Polymer therapy

Mira Pinki Krispil used polymer to heal her hands on PolymerClayDaily.com

Mira Pinki Krispil surrounds her pieces with women and that feels comfortable for a Monday. The faces seem concerned and connected.

The polymer portraits have been cured on a 6 1/2″ marble vase. The other side of the vessel is covered with Mira’s bright millefiore flowers.

Some years ago she came to polymer after enduring eight surgeries on her hands. Working with clay was part of her occupational therapy and she used it to document her recovery. “Since then I can’t stop creating with this amazing material,” Mira admits.

Polymer shows off spring’s bounty

Linda Loew assembles a stunning vase from polymer circles on PolymerClayDaily.com

Two big thick circles with a narrow slab in between are all it takes to make a stunning polymer vase like this one from Baltimore’s Linda Loew.

The periwinkle and purple colors are lush, the edges are smoothed and there’s a freeform design in the circles’ centers.

Why not show off some of spring’s bounty in a vase made especially for the occasion? Here’s Linda on Instagram.

Flower cups

Nicole Bucher builds layers of petals on her flower cups on PolymerClayDaily.com

If you’re fed up with jewelry and tiny formats, take a tip from Australia’s Nicole Boucher (BlueMallee) and slap some layers of color on a straight-sided form to make flower cups!

Layers of bright sunflower petals stack up over a graduated background. She piles on leaves and flowers with delightful energy. Her sculptural composition is topped with a decorative edge and brushed with a wash of dark paint to enhance the details.

Who couldn’t use a creation like this to hold tools or utensils? Nicole will introduce her new series at her gallery.

Over at StudioMojo, we’ll be looking at how to keep moving when your heart doesn’t wanna. How do you loosen up and let the clay do the talking? Come on over and explore with us.

Mystery in twelve parts

Olga Perova's patterns zig and zag around this vase on PolymerClayDaily.com

Perth, Australia’s Olga Perova showed this 7″x11″ polymer vase in the Wanaroo Arts Awards exhibit.

She is drawn to vessel shapes and bargello-like patterns. Here she combines both favorites, lining up multicolored patterns in a most meticulous way.

By my count, there are twelve segments to this piece. Can you imagine applying all those strips of clay? It seems too textural to be a cane. It is baffling.

Look more closely on Facebook and Instagram.

Last minute creations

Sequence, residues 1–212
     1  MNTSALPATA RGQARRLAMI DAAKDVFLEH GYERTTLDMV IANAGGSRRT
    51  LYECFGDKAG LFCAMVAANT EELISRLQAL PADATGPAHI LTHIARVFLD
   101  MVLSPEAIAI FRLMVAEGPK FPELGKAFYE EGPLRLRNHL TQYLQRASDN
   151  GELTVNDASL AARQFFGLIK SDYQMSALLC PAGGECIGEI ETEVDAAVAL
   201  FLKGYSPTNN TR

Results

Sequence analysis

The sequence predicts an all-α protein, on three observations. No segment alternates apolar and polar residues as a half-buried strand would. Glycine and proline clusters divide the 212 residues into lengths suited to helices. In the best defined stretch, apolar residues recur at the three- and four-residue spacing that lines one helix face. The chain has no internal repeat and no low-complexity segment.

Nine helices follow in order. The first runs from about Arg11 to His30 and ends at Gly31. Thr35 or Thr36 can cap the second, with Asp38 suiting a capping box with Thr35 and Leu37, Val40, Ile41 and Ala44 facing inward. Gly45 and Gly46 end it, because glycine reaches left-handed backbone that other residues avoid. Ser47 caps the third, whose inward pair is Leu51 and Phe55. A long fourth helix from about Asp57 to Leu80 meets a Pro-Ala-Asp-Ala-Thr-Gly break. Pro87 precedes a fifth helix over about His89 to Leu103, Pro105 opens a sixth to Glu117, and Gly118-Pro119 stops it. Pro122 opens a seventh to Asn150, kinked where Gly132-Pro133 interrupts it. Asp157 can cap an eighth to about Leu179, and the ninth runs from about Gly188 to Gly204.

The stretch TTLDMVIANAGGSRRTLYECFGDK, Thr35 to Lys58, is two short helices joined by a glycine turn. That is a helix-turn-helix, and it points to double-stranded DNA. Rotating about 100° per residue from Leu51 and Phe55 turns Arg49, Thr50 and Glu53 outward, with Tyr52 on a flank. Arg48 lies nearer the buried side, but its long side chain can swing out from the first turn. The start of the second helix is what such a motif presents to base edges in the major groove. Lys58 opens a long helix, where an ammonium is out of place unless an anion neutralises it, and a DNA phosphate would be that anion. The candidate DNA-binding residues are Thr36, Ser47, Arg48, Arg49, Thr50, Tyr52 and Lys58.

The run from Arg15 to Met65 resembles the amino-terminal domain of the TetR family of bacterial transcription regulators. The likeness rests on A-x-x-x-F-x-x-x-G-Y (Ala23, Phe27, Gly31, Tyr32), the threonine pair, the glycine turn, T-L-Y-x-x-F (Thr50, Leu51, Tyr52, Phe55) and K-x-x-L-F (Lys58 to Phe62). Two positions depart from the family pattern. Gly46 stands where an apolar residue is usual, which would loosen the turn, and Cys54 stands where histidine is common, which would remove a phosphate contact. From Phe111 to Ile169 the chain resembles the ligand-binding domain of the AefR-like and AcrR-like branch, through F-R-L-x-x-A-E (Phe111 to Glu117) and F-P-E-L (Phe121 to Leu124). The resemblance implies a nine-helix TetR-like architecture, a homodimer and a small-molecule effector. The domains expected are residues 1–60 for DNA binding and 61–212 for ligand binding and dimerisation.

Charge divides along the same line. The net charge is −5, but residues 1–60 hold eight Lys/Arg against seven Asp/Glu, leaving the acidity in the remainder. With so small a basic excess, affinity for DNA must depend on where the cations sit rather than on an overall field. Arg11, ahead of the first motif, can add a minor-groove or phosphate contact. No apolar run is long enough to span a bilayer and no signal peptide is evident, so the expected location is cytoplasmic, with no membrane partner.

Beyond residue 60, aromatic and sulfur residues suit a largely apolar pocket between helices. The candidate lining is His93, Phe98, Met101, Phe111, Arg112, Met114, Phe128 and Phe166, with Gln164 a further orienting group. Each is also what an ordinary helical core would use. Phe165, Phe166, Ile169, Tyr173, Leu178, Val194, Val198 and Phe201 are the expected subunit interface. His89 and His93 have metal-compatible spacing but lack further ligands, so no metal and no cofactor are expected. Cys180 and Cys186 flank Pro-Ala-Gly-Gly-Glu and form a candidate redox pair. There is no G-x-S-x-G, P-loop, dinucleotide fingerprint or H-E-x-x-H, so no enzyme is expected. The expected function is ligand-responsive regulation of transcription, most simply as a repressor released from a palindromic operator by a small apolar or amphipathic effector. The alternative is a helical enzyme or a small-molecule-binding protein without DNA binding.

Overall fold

Kathy Koontz' handy magnetic and easy vases for last-minute gifts on PolymerClayDaily.com

South Carolina’s Kathy Koontz (Flowertown_Originals) reminds us that there’s still time to make a gift or two like these small magnetic vases that would look so pretty on a fridge or a wall.

“The leaf imprint was done by pressing some leaves from my lantana bush into the clay before curing and then highlighting the design with white paint. Simple and minimalist,” she says.

Kathy offers polymer covered seam rippers, crochet hooks, and buttons among the items on her Etsy shop.

It’s faster (and more fun) to create something at home than it is to get caught up in the holiday shopping crowds.

Slow show, new work

La Perle Rouge found a new way to work at a slow show on PolymerClayDaily

France’s La Perle Rouge admits in a post that one of her shows was not well attended so she kept herself busy making canes and visiting nearby thrift stores.

Voila! A new way of working!

Unleashed from her usual setting, she sliced thick cane pieces and formed them into cuplike shapes that she arranged on the thrift shop finds. The results have a happy and unconstrained look.

We could use your help with the artist’s name which we couldn’t find on either the La Perle Bijoux site or Facebook page.

Thanks to PCD reader Aims Abson for the link!

Budding vase

Phyllis Pollema Cahill's vase moves us to spring on PolymerClayDaily.com

This lily bud from Colorado’s Phyllis Pollema Cahill hints at spring. Dark veins cut through the Skinner blended green and lavender petals.

Phyllis spent years as an illustrator which helps explain her thorough planning and construction of this vase. She’s also been trying out her carving skills on this necklace from her Symmetry/Asymmetry online class with Christine Dumont and Donna Greenberg.

Phyllis carefully documents her technique and product experiments on her blog which contains lots of DIY tips and solutions.

Phyllis shows she’s ready for a new season. Watch her bloom on Facebook and Instagram.

Flowery polymer teapot

Florida’s Pamela Carman makes a flowery pot of tea on a spring Monday.

A visit to her Flickr site shows you the vases, bottles, pots, birdhouses and fish shapes that she covers with polymer.

Usually she uses hundreds of slices of small canes to build her images. Her stash of neatly stored small canes makes us caners envious.

But for today’s teapot on her Instagram she grows a garden out of layers of larger textured circles and leaves.

Is there a bottle in your kitchen that wants to be covered?

Follow the dots

Perova on PCDaily

UK’s Olga Petrova shows off her latest polymer-covered 4″ x 8″ vessel.

Extruded designs? Probably. Textured? That too. Accented with a wash of black? Yes. Begs to be touched? Indeed!

The vase looks like a 3D zentangle with islands of designs floating in rivers of dots. Wouldn’t this look stunning as a shelf accent? See more on Instagram, Facebook and Flickr.

Room accents

If you’d like to create accents for your home decor, sign up for one of the remaining seats in my class at Creative Journey Studios in Georgia, October 7-9. You’ll learn all about polymer and wood plus other unusual decorative accents that will make your heart sing.